A number of different ortho-substituted phenols having melting points below about 185 C. and boiling points above about 125 C. were compounded with EVAL brand extrusible EVOH, sold by Kurary Co. Ltd. of Japan. The phenol represented about 1 percent by weight of EVOH. The thus modified EVOH polymers were extruded into film. Among the ortho-substituted phenols were 2-hydroxy-4-octoxybenzophenone, 2-hydroxy-4-methoxybenzophenone, 2,4 dihydroxybenzophenone, octyl 3-(3', 5'-di t-butyl-4'-hydroxy) phenyl propionate, 2(2'-hydroxy-3',5' di-tertamyl) phenyl-benzotriazole, tertiary butyl salicylate. Film was also extruded from EVOH having 10 percent by weight of a blend of 9 parts LDPE and 1 part 2-hydroxy-4 octoxybenzophenone.

In Table I, the oxygen permeability of each test film was measured at 73 F. by mounting the film to be measured in standard test apparatus with a wet pad on each side of the film to assure 100 percent relative humidity. Under these test conditions, the oxygen permeability of a film of pore EVOH (Example 10) averaged 750.cc.mil/m2.day.atm. Examples 1 through 8 each employ 1 percent by weight of a phenol added to the EVOH. The oxygen permeability is also reported as a percentage of that of EVOH alone.

                                  TABLE I__________________________________________________________________________                 O2 Permeability (100% R.H.)                                    Melting                                         BoilingExamplePhenol           measured                      compared with EVOH alone                                    Point C.                                         Point C.__________________________________________________________________________1    2-hydroxy-4 octoxybenzophenone                 500  66%           45                                         1602    2-hydroxy-4 methoxybenzophenone                 475  63%           64                                         1553    2,4 dihydroxybenzophenone                 460  61%           146                                         1604    octyl 3-(3',5'-di t-butyl-4'-hydroxy) phenyl propionate                 320  42%           50                                         162-2185    2(2'-hydroxy-3',5' di-tert-amyl) phenyl-benzotriazole                 350  46%           81                                         *6    Tertiary butyl salicylate                 480  64%           *    *7    t-butylhydroquinone                 680  94%           128                                         *8    90 parts EVOH, 1 part phenolof Example 1, 9 parts LDPE                 570  76%9    90 parts EVOH, 10 parts LDPE(no phenol)      870  115%10   100 parts EVOH (no phenol)                 750  100%__________________________________________________________________________ *not known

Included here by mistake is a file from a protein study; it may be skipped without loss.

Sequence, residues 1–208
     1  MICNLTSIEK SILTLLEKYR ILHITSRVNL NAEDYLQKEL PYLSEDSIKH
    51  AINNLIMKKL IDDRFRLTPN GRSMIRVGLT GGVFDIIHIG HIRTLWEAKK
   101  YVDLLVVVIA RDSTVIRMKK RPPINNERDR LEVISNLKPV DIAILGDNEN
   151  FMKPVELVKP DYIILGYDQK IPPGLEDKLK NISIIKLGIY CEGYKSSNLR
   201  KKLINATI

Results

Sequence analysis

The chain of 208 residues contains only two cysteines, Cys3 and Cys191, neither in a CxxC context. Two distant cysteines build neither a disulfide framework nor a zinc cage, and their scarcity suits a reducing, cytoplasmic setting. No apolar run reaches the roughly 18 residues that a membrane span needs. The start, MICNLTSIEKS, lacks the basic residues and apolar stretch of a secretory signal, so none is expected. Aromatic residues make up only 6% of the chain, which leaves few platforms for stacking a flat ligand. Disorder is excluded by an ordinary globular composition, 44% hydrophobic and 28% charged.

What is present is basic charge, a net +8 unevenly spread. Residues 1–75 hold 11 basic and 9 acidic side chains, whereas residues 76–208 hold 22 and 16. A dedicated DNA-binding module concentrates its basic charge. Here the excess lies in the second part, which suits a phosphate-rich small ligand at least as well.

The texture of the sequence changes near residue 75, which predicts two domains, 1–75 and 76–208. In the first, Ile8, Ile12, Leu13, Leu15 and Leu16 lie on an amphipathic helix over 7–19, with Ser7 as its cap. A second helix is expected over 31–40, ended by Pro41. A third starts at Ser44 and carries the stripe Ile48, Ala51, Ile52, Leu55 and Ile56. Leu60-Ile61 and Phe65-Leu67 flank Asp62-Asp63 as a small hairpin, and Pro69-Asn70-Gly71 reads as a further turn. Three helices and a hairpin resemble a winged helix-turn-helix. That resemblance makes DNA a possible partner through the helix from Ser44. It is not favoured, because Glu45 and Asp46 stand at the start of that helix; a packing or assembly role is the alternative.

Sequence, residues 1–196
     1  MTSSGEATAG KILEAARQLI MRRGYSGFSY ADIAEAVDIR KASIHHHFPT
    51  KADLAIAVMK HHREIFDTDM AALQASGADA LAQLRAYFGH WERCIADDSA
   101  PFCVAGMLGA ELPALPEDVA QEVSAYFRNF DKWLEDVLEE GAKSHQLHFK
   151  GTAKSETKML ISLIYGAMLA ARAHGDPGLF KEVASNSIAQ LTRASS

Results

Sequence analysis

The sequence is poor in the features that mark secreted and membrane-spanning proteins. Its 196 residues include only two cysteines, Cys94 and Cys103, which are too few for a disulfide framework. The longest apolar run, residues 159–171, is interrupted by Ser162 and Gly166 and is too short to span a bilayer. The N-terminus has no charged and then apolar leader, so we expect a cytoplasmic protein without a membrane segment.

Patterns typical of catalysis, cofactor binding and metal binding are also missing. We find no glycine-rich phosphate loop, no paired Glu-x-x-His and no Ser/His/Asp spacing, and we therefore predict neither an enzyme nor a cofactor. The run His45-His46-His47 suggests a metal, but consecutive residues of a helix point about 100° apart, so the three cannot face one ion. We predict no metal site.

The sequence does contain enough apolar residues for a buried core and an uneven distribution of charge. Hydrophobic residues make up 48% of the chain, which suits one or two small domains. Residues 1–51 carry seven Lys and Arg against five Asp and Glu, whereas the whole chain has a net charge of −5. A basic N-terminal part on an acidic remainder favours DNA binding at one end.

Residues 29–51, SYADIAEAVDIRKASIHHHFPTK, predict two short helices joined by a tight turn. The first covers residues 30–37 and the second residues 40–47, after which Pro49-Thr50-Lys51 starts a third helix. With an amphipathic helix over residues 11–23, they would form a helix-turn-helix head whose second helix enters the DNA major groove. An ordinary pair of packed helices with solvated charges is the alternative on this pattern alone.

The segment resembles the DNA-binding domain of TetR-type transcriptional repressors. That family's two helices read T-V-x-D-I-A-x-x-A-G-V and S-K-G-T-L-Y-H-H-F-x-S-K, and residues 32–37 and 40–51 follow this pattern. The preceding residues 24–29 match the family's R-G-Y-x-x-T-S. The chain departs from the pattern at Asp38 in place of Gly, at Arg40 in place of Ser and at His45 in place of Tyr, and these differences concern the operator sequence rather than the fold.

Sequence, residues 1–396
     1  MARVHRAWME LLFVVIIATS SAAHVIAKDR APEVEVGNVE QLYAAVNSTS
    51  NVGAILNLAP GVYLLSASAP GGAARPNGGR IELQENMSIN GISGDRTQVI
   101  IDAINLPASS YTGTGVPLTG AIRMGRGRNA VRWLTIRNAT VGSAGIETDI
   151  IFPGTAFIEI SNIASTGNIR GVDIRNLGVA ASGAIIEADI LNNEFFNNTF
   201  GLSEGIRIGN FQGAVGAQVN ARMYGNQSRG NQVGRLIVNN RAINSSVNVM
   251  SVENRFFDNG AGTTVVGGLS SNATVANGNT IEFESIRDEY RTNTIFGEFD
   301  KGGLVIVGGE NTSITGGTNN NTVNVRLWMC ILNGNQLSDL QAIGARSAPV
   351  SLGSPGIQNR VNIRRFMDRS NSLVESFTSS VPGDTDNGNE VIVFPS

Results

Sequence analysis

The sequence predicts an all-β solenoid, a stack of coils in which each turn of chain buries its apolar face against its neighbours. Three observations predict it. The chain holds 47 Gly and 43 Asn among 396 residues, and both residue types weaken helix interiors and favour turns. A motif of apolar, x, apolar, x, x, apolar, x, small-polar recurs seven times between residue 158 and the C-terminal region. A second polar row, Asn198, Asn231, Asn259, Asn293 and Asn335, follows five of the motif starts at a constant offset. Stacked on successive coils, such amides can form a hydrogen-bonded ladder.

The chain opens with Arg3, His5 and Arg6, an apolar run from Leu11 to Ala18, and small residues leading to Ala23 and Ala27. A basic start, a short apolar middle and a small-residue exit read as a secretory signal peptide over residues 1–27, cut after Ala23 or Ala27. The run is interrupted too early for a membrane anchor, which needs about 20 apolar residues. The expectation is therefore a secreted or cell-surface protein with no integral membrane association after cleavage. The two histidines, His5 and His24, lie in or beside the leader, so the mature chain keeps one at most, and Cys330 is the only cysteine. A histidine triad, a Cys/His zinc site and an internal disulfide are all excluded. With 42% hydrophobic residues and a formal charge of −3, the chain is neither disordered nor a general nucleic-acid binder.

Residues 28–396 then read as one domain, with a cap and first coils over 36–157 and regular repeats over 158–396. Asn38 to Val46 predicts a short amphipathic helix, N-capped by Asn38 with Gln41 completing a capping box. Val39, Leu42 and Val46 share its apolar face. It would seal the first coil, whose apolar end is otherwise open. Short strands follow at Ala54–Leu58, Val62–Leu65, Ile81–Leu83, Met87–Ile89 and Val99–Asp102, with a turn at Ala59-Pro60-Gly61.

From Table I, it can be concluded that the addition of a relatively small amount (1 percent) of a phenol produces a reduction of as much as 50 percent in oxygen permeability over that of EVOH alone at high humidity conditions. The phenol of Example 4 is sold under the name Irganox and the phenol of Example 5 is sold under the name Tinuvin, both by Ciba Geigy Corporation of Ardsley, New York, as antioxidants for addition to polyolefins and the like. A material comprising 9 parts low-density polyethylene and 1 part of the phenol of Example 1 is sold under the name Ampacet 10057 by the Ampacet Co. of Mount Vernon, New York, as a UV absorber for addition to polyolefin and the like. This commercial material was used in Example 8 and demonstrated effective UV absorbance for extending shelf-life of packaged meat. The phenols of Examples 2 and 3 are also effective UV absorbants.